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Tata in talks to launch Moderna COVID-19 vaccine in India: ET - Metro US

Tata in talks to launch Moderna COVID-19 vaccine in India: ET

FILE PHOTO: Moderna's COVID-19 vaccine at the McKesson distribution center in Olive Branch, Mississippi

(Reuters) – Tata Group’s healthcare venture is said to have started initial discussions with Moderna Inc for a partnership to launch its COVID-19 vaccine in India, the Economic Times reported on Monday.

Tata Medical & Diagnostics could team up with the India’s Council of Scientific and Industrial Research to carry out clinical trials of Moderna’s vaccine candidate in India, the report https://bit.ly/2Yd8E2B said, citing officials familiar with the matter.

Moderna did not respond to Reuters request for a comment outside business hours, while Tata Medical & Diagnostics did not immediately respond.

Unlike Pfizer’s vaccine, which must be kept at minus 70 degrees Celsius or below, Moderna’s can be stored at normal fridge temperatures, making it more suited for poorer countries such as India where cold chains are limited.

Data released in November from Moderna’s late-stage study showed it was 94.1% effective with no serious safety concerns. The shot was approved for use in the United States in December and in Europe earlier this month.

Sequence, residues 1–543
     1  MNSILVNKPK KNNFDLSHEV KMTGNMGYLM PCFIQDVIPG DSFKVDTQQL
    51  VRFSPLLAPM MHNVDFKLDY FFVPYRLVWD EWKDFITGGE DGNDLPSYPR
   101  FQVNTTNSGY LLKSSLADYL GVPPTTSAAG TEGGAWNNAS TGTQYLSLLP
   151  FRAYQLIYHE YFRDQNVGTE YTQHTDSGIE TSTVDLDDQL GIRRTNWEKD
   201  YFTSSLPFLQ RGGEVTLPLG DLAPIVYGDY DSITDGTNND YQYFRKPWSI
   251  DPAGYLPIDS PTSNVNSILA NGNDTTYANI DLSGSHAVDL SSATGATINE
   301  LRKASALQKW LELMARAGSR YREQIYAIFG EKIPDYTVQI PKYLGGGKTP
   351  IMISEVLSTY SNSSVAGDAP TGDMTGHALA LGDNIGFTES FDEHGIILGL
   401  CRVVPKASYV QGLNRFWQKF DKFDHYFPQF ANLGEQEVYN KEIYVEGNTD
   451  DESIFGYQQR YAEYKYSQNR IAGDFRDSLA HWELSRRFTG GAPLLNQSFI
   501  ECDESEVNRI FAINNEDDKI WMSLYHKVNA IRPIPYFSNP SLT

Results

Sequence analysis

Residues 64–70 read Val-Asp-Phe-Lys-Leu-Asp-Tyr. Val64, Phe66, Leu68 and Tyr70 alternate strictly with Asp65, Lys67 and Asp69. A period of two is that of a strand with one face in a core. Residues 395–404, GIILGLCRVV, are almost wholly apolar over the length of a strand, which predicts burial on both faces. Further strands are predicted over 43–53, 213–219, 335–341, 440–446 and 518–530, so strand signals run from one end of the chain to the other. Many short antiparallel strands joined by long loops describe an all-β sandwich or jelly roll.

India mandates that any vaccine maker must conduct an additional local study if it has to be considered for what the country calls the world’s biggest vaccination programme.

It gave emergency-use approval to a vaccine by Bharat Biotech and state-run Indian Council of Medical Research and another licensed from Oxford University and AstraZeneca that is being produced by the Serum Institute.

India has the world’s second highest COVID-19 caseload after the United States, but daily cases have been declining since hitting a peak in September.

India’s drugs controller has said the overall efficacy of the AstraZeneca vaccine, locally branded COVISHIELD, was 70.42% based on trials done overseas, but the approval for Bharat Biotech’s COVAXIN has faced criticism due to the lack of efficacy data.

(Reporting by Radhika Anilkumar and Chris Thomas in Bengaluru; Editing by Rashmi Aich and Arun Koyyur)

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